I can’t write in order. I get bored. I get very uninspired. To me, it’s like going to a carnival and riding each ride in turn in a polite and orderly fashion. I want to run around that carnival like a madwoman, hitting the best rides first. Then, when I’ve ridden them all until I want to throw up, I’ll use up my leftover tickets on the smaller, less thrilling rides.
I write the scene that inspires me at that moment. I can see the entire book in my head—yes, like a movie. It’s all there. (It’s the getting it from the visual to the written word that’s hard.) If I’m out and about, a line of dialogue or a flash of understanding or a song on the radio or anything will pop into my head, and I have to write that scene. If the black moment is screaming in my head, how the hell do I sit and force out the next sentence in chapter 3? Sometimes I’ll switch scenes depending on what’s hot for the muse. It’s not uncommon for me to upload my Alphie take for the previous day and find 20 pages from 3 different chapters.
Does it add to my revisions? Maybe. But my first draft is always utter crap anyway. But what if my hero reveals some great surprise toward the end of the book? Well, there’s a good chance half the beginning and middle are still yet to be written. So I fix what I’ve got and have that in mind as I write the rest. Tinkering with the story and character arcs are easier for me than facing a straight line from start to finish.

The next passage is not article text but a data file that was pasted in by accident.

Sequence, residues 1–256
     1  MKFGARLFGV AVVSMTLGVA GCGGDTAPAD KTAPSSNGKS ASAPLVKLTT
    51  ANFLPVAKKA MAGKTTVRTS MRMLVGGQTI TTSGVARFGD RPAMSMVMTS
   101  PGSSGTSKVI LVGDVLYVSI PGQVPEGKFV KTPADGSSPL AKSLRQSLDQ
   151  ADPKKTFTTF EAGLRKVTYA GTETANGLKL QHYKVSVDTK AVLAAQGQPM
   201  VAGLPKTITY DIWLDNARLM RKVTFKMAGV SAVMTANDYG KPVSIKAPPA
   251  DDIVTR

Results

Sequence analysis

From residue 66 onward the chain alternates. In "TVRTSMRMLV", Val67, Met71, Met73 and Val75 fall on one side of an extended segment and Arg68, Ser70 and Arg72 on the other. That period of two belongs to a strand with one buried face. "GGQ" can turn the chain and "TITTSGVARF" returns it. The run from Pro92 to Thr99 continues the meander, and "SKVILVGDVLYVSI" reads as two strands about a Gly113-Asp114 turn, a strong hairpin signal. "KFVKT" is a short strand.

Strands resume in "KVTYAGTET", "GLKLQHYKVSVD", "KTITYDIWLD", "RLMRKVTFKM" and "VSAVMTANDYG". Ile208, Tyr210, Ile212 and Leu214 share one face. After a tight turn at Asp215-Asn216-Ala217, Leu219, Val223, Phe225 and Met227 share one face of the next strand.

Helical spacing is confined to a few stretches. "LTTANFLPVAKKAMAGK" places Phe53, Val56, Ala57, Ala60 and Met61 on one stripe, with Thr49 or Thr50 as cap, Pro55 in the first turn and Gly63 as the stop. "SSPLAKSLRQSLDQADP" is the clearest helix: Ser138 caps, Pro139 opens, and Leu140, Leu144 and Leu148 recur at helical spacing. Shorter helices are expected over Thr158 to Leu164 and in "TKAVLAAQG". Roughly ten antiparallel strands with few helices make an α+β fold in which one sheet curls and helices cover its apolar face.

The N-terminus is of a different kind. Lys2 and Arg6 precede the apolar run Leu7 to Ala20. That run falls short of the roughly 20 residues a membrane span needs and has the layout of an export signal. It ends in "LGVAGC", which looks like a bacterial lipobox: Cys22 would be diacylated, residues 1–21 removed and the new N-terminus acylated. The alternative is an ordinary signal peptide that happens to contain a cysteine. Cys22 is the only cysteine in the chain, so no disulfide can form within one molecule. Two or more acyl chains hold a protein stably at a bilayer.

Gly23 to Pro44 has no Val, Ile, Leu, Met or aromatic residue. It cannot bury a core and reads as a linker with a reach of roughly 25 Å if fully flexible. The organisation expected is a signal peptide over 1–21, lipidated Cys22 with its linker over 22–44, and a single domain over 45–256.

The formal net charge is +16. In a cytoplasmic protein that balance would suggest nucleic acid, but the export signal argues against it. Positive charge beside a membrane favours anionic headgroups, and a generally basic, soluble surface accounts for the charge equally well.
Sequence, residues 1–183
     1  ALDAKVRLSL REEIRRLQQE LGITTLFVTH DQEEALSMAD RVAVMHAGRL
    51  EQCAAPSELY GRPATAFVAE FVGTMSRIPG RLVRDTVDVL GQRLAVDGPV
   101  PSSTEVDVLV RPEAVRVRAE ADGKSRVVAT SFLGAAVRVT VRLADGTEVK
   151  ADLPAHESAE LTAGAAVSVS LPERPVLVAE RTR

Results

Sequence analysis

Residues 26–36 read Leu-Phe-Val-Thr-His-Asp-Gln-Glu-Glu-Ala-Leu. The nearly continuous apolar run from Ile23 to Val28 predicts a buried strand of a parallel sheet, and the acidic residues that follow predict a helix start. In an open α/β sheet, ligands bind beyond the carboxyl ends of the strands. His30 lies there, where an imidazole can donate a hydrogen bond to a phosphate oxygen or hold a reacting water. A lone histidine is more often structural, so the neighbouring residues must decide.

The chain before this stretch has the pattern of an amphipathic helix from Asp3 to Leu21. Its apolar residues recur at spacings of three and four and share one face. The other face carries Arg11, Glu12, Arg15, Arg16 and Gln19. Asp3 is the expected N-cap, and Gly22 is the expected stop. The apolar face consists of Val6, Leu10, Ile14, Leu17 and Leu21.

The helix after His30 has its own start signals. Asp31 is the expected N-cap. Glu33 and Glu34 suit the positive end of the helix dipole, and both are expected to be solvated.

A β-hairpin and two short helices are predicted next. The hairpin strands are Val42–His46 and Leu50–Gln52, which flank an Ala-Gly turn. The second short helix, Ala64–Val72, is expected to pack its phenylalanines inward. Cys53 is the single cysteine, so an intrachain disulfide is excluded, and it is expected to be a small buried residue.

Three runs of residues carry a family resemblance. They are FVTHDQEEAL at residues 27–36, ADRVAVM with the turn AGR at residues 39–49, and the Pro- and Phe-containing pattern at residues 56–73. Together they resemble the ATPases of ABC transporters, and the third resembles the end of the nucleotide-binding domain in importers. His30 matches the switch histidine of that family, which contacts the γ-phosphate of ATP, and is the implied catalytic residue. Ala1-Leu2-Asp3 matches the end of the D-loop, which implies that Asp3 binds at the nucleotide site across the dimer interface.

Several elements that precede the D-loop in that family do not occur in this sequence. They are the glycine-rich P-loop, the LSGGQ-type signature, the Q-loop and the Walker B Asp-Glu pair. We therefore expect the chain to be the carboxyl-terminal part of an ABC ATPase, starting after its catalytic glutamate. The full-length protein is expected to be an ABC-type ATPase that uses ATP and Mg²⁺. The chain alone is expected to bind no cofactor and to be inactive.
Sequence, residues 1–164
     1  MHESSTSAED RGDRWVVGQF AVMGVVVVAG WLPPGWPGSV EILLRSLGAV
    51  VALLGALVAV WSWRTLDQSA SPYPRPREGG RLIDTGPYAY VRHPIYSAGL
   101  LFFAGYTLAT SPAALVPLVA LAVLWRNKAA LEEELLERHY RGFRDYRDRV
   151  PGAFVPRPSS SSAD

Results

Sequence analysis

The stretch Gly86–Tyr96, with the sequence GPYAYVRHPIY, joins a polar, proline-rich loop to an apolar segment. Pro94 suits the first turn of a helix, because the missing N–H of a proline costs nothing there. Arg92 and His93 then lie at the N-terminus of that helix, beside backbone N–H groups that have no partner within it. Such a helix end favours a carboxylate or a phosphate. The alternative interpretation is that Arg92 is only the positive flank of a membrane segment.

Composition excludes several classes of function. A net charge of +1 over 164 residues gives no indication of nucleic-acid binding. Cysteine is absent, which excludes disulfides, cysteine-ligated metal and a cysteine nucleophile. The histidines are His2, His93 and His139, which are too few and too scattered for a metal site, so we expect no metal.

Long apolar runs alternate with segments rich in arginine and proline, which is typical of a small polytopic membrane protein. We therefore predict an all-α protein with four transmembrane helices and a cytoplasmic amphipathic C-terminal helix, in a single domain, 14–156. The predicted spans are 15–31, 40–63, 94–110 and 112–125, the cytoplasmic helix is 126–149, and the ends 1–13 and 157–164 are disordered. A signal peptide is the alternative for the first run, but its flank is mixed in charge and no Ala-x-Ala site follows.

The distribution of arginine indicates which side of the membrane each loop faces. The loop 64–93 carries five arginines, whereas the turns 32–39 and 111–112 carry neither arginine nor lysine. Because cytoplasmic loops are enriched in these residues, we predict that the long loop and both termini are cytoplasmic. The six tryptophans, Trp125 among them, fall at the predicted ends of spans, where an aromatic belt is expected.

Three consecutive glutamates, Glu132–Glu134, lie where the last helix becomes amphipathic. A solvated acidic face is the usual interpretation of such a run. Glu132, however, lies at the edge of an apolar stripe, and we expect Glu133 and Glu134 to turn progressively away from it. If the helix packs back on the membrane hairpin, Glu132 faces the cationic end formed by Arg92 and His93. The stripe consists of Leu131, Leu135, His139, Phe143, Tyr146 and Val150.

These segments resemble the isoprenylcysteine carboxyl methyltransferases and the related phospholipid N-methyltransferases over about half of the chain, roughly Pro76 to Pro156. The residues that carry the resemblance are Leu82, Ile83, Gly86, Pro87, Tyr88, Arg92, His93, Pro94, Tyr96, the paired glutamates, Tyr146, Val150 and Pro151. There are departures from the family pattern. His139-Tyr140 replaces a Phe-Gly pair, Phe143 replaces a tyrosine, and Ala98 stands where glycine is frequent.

There are drawbacks, of course. One of the most torturous parts of my writing method is bridging the gaps between all those scenes. Maybe that’s why I write short and my pacing’s been criticized in the past for being too fast. I probably skew the scene & sequel rhythm.
It also makes it almost impossible to work with a critique partner. “Here, have 5 pages from 4 different scenes in 2 separate chapters! How’s my arc?”
But that’s the only way I can get the story on paper. I can’t even imagine starting on page 1 and working in a straight line to page 320. Honestly, most of the time I wish I could do that. It’s probably faster, and there has to be less blending involved. But I can’t do it.